According to the justification section of the sponsors memo a western New York employer fired employees when he learned that he would have to obtain workers' compensation coverage for them and hired out of state workers for whom coverage was waived. This is inaccurate and must be addressed because it is the premise on which the bill has been drafted.
According to the Workers' Compensation Board, this was not a western New York employer at all. It was in fact, an employer from the state of Ohio which had secured a workers' compensation policy covering out of state employees. When the Board realized that there were New York workers involved on the job, in addition to the out of state workers for whom coverage had already been secured, they contacted the Ohio employer. The Workers' Compensation Board informed the Ohio employer that they needed to purchase a New York policy to cover the New York workers.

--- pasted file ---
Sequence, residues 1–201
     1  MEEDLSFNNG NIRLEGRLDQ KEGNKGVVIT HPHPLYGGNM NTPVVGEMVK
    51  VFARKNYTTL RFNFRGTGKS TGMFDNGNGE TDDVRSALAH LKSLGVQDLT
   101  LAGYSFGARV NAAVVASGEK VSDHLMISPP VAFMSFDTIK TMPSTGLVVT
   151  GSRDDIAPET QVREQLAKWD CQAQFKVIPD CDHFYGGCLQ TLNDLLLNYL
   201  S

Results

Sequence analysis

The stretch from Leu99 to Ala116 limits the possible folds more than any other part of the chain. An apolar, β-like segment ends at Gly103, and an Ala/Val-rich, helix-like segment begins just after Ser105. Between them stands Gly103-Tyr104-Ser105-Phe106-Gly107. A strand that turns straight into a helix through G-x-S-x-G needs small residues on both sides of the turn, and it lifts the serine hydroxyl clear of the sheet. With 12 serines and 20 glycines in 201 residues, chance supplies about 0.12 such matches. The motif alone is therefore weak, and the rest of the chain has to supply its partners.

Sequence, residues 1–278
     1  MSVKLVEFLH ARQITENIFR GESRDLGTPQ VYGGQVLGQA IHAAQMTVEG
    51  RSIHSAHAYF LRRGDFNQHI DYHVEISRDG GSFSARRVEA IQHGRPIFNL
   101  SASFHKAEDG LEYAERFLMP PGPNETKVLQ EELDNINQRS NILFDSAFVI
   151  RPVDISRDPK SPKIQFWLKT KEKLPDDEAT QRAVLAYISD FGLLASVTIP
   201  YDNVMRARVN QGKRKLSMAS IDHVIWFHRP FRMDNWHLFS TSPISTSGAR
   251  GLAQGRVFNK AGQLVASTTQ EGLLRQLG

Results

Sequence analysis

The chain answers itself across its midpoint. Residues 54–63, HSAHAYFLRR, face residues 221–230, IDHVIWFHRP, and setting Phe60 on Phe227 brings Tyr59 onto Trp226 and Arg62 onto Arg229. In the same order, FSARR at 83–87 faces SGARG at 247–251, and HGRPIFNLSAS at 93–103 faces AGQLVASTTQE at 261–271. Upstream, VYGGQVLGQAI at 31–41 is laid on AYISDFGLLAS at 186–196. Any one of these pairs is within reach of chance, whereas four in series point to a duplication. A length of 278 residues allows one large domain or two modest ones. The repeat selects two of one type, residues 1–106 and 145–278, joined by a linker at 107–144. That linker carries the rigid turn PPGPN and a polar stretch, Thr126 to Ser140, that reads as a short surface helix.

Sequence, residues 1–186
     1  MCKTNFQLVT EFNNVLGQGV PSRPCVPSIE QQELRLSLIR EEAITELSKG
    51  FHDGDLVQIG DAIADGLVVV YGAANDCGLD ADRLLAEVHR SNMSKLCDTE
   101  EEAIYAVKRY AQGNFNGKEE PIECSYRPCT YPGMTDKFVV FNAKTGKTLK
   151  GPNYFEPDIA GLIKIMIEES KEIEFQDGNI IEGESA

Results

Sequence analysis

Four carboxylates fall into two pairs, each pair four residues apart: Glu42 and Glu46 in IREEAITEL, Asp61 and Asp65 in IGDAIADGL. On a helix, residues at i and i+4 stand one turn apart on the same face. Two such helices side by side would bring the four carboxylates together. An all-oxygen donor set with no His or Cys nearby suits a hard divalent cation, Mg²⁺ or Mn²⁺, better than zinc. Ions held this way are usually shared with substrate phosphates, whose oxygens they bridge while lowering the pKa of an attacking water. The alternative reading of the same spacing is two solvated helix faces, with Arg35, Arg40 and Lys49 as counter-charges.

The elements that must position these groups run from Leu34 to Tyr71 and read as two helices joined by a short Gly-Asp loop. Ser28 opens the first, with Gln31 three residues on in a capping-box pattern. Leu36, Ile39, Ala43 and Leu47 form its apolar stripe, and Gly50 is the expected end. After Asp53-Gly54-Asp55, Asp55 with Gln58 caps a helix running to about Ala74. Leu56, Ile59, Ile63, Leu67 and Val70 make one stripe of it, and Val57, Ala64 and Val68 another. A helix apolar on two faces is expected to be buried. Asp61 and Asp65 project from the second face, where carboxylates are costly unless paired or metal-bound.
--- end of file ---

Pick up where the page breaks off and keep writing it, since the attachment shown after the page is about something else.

The Workers' Compensation Board stated that the employer did not fire New York employees, but rather purchased a policy immediately to cover the New York workers.
New York employers are required by law to provide workers' compensation coverage to their employees. Current Workers' Compensation Law provides for penalties under section 52 if an employer does not have coverage. Penalties are already in place for employers who are out of compliance with the law.
We are also believe that the provision that would disallow out of state waivers will hurt New York businesses in the long run. If New York will not provide out of state waivers, those states may in turn disallow New York businesses from receiving waivers.
The Business Council, a broad-based, statewide membership organization of over 3,500 companies, chambers of commerce and trade associations has reviewed the aforementioned legislation and strongly opposes its enactment.